Espada: If you lose someone close to you, you may find yourself talking to that person. You may feel a profound absence, and speak to that absence. When you speak to that absence, in effect, you keep that person alive.
AF: And that’s about being a witness, that’s about keeping something alive.
Espada: Yes. I can speak to my father, and speak to that history as well. That’s an intimate, personal form of address. Anybody who reads my work knows that I am a Puerto Rican poet. I write about being Puerto Rican. I write about the history, about the family. But the fact that I have a multiplicity of identities should also be apparent. I believe in justice for people beyond my own community. I have a class analysis that goes beyond my understanding of racial politics or identity. My father, who was Puerto Rican to the bone, believed very strongly in building coalitions.
My father understood that, as a community organizer in Brooklyn in the 50s and 60s, he had to build coalitions in order to be politically effective. If he confined himself to his own community, he would be defeated. My father reached out and built coalitions, particularly with the African-American community in Brooklyn. You have to build coalitions, build bridges, reach out to people who are different from you and yet have something in common with you: the need for profound social change. How do you communicate with those people? That’s the essential question.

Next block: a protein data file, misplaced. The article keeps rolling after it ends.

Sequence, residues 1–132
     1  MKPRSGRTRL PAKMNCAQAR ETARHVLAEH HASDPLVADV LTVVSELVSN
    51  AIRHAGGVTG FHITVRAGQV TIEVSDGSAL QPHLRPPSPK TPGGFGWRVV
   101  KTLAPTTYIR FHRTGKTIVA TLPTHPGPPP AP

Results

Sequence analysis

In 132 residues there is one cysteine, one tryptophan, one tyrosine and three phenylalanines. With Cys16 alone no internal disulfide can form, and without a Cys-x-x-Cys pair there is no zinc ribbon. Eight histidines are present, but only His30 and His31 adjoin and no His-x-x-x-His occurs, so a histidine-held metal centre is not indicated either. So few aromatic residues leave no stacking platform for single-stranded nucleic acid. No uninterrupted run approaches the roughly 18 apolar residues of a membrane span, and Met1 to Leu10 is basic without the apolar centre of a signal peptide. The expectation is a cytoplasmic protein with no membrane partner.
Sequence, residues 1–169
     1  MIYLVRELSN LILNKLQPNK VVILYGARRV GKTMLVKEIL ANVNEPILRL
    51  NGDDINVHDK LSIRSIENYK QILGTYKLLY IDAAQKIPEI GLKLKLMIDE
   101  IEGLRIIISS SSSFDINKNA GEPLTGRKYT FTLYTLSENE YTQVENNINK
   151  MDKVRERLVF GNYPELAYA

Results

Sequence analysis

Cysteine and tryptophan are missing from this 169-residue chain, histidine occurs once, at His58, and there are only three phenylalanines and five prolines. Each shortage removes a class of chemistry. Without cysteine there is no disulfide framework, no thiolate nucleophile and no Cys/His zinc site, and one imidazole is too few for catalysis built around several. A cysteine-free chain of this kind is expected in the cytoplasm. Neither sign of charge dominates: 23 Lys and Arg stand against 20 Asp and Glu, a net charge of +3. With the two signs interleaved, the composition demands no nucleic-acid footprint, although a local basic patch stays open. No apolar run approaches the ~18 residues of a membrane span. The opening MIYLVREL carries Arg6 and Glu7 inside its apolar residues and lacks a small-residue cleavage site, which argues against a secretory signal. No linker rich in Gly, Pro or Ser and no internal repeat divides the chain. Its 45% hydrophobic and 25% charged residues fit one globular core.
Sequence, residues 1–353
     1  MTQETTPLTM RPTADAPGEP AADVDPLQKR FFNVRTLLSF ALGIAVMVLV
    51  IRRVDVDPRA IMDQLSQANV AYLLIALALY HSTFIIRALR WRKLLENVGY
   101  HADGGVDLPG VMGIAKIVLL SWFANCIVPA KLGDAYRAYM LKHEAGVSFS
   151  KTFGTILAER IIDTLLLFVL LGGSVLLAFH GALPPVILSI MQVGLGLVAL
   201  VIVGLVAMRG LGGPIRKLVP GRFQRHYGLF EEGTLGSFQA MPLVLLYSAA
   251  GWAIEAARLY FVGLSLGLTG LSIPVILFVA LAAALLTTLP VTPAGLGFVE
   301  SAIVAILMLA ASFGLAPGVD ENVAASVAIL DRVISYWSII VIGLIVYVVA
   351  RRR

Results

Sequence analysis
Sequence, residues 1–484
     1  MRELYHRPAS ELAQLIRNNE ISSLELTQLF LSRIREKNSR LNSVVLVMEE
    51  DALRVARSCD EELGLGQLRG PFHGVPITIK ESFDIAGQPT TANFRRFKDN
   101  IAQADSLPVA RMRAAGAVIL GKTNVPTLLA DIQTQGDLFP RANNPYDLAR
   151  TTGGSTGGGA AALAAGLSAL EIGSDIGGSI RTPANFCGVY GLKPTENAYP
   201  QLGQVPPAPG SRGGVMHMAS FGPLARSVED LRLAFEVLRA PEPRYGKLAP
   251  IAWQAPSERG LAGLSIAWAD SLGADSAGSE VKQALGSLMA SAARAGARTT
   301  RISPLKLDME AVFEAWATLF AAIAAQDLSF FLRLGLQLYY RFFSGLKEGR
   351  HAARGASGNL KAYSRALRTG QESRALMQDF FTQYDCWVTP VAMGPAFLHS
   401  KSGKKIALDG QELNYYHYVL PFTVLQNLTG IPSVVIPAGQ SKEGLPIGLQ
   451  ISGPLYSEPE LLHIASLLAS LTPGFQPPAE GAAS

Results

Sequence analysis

AF: So if there was ever a time for poetry to humanize people…
Espada: This is it. We need people who haven’t started thinking things through to start thinking things through. Reaching beyond? I do that all the time. I do that because my work, first of all, strives for a clarity that makes it possible. I also do that because I take poetry to so-called non-traditional places, which are, in fact, the most traditional places of all, if you consider the roots of poetry as an oral art form. Last Christmas Eve, I did a reading at the Franklin County Jail in Greenfield, Massachusetts. To poets out there, I would say: go and do that. Go to a prison. Take your work there. ake your work into inner city high schools, whether they’re paying you or not. Don’t just show up at the door. Do it right. But do it. Organize.